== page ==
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As Social Mood Turns Negative, Our Sense of Awe Goes With It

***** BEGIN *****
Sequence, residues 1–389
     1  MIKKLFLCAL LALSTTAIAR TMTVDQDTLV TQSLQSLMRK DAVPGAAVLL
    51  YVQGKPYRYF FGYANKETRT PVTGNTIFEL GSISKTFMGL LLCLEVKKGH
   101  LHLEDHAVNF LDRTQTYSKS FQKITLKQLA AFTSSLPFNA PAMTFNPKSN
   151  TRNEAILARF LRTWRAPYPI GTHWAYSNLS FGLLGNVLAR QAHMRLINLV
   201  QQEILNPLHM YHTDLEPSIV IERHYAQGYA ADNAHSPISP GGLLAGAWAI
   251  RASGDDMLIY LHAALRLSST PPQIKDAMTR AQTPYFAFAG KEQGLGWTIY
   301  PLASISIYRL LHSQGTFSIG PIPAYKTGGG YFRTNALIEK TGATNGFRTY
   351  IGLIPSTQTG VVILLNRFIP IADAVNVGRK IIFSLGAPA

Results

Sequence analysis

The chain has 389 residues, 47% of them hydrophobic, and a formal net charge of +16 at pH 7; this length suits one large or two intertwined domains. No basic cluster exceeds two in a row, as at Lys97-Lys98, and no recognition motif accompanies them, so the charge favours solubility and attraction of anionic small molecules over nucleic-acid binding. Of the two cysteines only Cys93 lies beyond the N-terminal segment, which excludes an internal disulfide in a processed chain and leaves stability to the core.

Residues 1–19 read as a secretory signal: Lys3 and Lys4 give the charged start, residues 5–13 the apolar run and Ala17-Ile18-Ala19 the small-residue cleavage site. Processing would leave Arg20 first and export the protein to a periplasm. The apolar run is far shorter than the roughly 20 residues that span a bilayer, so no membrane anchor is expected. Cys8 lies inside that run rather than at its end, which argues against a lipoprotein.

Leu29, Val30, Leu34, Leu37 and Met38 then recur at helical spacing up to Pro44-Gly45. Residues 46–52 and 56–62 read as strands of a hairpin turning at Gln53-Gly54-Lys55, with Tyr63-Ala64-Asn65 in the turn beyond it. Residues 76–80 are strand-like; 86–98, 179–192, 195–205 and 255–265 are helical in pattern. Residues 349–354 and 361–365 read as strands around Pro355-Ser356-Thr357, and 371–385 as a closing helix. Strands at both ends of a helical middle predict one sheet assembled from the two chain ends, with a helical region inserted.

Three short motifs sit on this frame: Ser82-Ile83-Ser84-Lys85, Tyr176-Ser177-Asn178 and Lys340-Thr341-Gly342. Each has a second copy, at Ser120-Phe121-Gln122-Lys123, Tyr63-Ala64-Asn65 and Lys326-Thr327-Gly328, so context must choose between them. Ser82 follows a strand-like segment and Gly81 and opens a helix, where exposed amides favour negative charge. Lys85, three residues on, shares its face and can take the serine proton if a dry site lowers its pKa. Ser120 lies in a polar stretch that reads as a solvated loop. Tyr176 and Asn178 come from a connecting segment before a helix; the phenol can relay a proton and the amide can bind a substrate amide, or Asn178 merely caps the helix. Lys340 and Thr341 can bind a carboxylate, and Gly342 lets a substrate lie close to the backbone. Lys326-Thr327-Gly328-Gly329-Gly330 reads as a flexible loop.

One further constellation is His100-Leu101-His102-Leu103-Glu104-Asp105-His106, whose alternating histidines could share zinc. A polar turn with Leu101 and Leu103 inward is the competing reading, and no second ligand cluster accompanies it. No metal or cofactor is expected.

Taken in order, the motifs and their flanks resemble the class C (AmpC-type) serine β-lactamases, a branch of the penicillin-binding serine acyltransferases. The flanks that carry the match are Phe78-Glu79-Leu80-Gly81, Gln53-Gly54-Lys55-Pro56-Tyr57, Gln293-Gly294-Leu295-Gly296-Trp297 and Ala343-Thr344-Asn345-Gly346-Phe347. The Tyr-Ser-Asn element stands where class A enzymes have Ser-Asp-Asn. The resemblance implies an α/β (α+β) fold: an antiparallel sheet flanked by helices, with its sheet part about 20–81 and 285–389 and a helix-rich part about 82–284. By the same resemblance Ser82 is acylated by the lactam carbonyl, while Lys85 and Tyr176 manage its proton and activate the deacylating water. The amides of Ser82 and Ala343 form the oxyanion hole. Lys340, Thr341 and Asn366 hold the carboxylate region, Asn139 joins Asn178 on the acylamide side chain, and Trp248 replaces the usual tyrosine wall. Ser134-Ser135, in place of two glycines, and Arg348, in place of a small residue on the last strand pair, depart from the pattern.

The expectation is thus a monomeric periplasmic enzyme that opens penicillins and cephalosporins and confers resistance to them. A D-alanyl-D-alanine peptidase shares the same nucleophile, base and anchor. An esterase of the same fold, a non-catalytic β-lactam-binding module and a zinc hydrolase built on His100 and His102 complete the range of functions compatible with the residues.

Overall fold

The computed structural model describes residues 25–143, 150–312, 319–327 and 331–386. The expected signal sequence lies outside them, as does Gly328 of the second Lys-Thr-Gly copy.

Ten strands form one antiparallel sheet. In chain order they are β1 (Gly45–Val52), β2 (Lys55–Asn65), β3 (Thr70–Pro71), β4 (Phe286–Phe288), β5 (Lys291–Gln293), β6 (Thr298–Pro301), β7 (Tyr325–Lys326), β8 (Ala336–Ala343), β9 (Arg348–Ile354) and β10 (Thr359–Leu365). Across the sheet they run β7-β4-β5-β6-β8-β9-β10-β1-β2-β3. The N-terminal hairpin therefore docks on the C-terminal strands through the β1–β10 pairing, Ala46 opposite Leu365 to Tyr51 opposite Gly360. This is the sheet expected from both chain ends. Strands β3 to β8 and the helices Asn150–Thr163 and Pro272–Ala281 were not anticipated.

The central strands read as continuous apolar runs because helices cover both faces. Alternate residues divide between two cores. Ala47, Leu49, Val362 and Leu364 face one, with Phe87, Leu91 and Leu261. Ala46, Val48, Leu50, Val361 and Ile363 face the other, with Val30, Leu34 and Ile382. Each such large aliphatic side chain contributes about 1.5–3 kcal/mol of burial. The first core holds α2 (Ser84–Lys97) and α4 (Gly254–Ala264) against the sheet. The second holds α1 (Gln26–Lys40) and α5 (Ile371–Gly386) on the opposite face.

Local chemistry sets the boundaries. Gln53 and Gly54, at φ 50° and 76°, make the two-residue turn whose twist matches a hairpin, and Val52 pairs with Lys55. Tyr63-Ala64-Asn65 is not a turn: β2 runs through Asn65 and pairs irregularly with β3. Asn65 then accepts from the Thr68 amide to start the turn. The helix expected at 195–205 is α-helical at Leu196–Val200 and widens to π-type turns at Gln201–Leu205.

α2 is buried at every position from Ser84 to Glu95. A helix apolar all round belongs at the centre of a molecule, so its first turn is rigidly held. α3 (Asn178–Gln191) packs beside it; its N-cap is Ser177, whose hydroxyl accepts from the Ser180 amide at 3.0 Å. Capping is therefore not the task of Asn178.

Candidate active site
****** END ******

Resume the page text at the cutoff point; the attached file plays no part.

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"Visiting the Paris Exhibition in 1900, the American writer Henry Adams saw something so remarkable he compared its influence to that of the Virgin Mary. It was a hall filled with machines - early power generators known as dynamos. Watching them at work, he "began to feel the forty-foot dynamos as a moral force, much as the early Christians felt the Cross," he wrote in The Education of Henry Adams. "The planet itself seemed less impressive, in its old-fashioned, deliberate, annual or daily revolution, than this huge wheel, revolving within arm's-length at some vertiginous speed, and barely murmuring." Adams wondered if he should pray to it." -- Christine Rosen's essay considers the modern-day lack of awe inspired by today's machines, which are so complex most of us have no idea how they operate or function. "The awe experienced by earlier generations was part of a different worldview, one that demonstrated greater humility about many things, not least of which concerned their own human limits and frailties." It also might be the case that, from a social mood perspective, we're exiting a peak-positive wave in which we were far more likely to overestimate our abilities to create, control and transform our environment. In some respects, that's what the hubristic age of subprime mortgages and failed derivatives models was all about.
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